It is not unheard of for a lung cancer diagnosis to be determined in a roundabout way. And, while these diagnoses are often shocking and bemusing, they, more often than not, prolong and save lives. Accidentally finding lung cancer thankfully leads to an early diagnosis which plays a major role in survivorship.

Six months prior to her diagnosis, Laura, who is a runner and avid exerciser, sought medical attention for female issues. When she went to the doctor to determine the cause of these issues, imaging tests were ordered. Laura did not have any of the symptoms that could be associated with lung cancer. If not for imaging to determine what was causing her issues,it is highly unlikely she’d have been diagnosed when she was.

This initial round of scans showed nothing of any concern. A month later, Laura found herself in the emergency room with a high fever. She was given another scan, this one of her abdomen and pelvis. The scan was inconclusive regarding her fever related to her ongoing female issues. But, the radiologist noted an incidental 10 mm nodule toward the bottom of her right lung’s lower lobe. At the time, alarm bells did not ring, the attending ER doctor told Laura to follow up with a pulmonologist.

A few months later, Laura met with the pulmonologist. The doctor noted that the nodule was on the low end of concern due to its size. Fortunately, he opted to explore further and had Laura undergo a PET scan.

Accidentally Finding Lung Cancer Early Has Benefits

For more than 30 years, Laura has worked in interventional cardiology supporting physicians in hospitals in the United States and abroad. She currently is a senior clinical strategic advisor, helping to mentor and guide start-ups that design novel, investigational medical devices. These professional experiences provided Laura with a deeper understanding of imaging and terminology associated with her diagnosis. So, when she met with her doctor for the scan results, she knew something was wrong.

Soon following the scan, Laura underwent a CT-guided lung biopsy. Her diagnosis: adenocarcinoma, stage 1. As a result of robotic surgery performed to remove the affected part of her lung, a sample was sent out for both biopsy and biomarker testing. The results: 15 lymph nodes surrounding the tumor were removed. One of those lymph nodes was cancerous, therefore chemotherapy was the next step on Laura’s lung cancer journey. With biomarker testing, Laura’s tumor was determined to be ALK+, and her staging was elevated to 2B.

Immediately following these results, Laura began a regimen of four rounds of chemotherapy treatment. With a positive outlook, she opted against having a port implanted (by which chemotherapy is readily infused), noting that she felt that she was going to beat this diagnosis. Her final infusion was on September 17, 2022. She has since had two more rounds of scans, one as recently as January 2023. Laura is currently NED (no evidence of disease).

What if Lung Cancer is Caught Early?

Prior to her lung cancer diagnosis, Laura, who is in her mid-60s, had never had surgery or been inpatient at the hospital. Since her lung cancer journey began, she never stopped running, working, or being active. She feels great and counts herself incredibly fortunate to have been diagnosed when she was.

“Here’s my takeaway: why can’t we do something more in terms of screening? My story is so ridiculously random. If not for a totally unrelated medical issue, an emergency room physician opting to order a CT scan, I never would have been diagnosed until it was too late. My story feels small compared to what other people have had to endure. It is so important to me that we take experiences like mine and learn from them. I am so blessed to have been diagnosed so early and want to hear more stories like mine.”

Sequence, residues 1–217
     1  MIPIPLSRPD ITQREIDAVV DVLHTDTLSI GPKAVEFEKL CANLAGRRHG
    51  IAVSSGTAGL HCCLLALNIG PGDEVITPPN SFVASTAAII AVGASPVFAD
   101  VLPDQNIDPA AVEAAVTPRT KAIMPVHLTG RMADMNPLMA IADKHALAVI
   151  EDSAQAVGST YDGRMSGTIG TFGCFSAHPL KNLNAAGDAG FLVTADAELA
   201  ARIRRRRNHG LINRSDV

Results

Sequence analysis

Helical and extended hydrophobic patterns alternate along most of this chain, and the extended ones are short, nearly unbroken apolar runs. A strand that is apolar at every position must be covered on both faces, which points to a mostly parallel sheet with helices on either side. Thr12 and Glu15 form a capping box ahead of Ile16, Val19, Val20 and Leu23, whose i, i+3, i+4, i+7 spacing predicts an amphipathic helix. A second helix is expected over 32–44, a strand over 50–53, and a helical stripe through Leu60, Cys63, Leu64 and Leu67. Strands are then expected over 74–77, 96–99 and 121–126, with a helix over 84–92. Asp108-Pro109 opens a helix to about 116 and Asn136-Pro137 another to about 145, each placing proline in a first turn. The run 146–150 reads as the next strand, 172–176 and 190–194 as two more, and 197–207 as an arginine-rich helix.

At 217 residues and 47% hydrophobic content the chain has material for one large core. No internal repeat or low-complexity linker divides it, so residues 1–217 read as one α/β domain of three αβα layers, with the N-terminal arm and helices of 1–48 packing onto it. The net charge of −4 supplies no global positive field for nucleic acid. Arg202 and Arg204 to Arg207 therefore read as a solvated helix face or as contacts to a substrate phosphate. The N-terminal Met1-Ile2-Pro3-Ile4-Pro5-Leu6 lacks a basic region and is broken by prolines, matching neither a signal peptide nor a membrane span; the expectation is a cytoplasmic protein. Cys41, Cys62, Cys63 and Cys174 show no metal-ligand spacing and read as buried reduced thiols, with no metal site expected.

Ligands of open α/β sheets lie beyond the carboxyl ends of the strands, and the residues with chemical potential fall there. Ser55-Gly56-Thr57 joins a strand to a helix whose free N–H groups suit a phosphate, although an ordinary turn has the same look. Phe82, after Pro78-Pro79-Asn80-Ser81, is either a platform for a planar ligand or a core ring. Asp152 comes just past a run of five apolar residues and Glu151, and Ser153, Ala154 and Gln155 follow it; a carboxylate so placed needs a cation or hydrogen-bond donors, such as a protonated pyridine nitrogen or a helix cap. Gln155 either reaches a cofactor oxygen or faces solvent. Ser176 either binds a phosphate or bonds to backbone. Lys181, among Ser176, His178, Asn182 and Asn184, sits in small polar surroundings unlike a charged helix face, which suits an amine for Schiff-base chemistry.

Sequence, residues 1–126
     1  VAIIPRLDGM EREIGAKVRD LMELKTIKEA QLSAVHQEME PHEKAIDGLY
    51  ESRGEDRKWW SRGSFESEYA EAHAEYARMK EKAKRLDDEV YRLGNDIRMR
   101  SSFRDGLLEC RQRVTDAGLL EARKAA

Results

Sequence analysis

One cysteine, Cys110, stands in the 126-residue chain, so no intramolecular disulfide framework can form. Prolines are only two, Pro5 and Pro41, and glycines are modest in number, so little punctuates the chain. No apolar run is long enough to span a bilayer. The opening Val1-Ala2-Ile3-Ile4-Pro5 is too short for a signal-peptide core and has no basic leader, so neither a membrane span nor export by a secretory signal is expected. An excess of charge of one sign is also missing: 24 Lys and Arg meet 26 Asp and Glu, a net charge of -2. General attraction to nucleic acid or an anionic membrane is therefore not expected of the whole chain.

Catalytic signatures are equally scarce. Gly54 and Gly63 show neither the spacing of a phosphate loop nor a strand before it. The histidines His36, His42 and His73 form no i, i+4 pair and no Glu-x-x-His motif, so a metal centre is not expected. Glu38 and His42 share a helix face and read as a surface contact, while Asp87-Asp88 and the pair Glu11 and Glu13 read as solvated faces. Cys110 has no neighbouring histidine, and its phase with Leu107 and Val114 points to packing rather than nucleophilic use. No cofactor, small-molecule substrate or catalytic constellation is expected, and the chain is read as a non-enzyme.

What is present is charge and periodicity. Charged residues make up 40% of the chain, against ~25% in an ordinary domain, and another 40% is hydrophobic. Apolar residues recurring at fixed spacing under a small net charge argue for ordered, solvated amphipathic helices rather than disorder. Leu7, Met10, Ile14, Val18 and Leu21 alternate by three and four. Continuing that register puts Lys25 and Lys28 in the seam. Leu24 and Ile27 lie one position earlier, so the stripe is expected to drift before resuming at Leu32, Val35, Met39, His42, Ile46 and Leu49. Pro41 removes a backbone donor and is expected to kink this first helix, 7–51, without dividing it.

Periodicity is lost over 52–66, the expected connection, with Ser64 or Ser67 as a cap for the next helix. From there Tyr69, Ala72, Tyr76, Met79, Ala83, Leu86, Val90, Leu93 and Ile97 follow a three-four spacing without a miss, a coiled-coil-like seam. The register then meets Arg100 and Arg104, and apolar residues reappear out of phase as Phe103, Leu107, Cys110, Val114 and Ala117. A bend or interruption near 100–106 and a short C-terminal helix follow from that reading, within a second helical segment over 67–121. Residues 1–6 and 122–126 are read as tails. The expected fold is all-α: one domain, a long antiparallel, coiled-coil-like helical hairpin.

The Odds of an Unexpected Lung Cancer Diagnoses

Fewer than 1 in 7 lung cancer patients will be diagnosed in the earliest stage, when the disease is most treatable. Many lung cancer patients arrive at their diagnosis as a result of symptoms. It is not unusual for a patient to seek medical attention as a result of suffering with a persistent cough, back pain, wheezing, shortness of breath, a history or smoking, or unexplained weight loss. Those are the cases that one tends to hear about. It is cases likes Laura’s which are somehow even more frightening. The instances of lung cancer diagnoses in asymptomatic patients as well as random incidental findings are not nearly as unusual as one might think.

Several patients who we have highlighted on these pages came to be diagnosed purely by happenstance. Early-stage lung cancer symptoms are often vague or mimic those of other illnesses. As Laura is so acutely aware, she was incredibly fortunate to get diagnosed early when lung cancer is more treatable. LCFA works tirelessly to raise awareness and funds for lung cancer research. We want more stories like Laura’s where early detection and biomarker-driven treatment changed the outcome of her lung cancer diagnosis.

Early Detection of Lung Cancer

Accidentally finding lung cancer early has been key to Laura’s successful treatment and current NED status. The fact is that people who receive a lung cancer diagnosis while it is in an early stage have a far better chance of long-term survival. It is the ultimate goal to make early lung cancer screening a rule rather than an exception.

For screening to be most effective, more of the susceptible population should be screened annually—currently screening rates remain low among those exposed to any of the numerous risk factors for lung cancer. According to the American Lung Association’s 2022 “State of Lung Cancer” report, nationally, only 5.8% of those with high exposure were screened.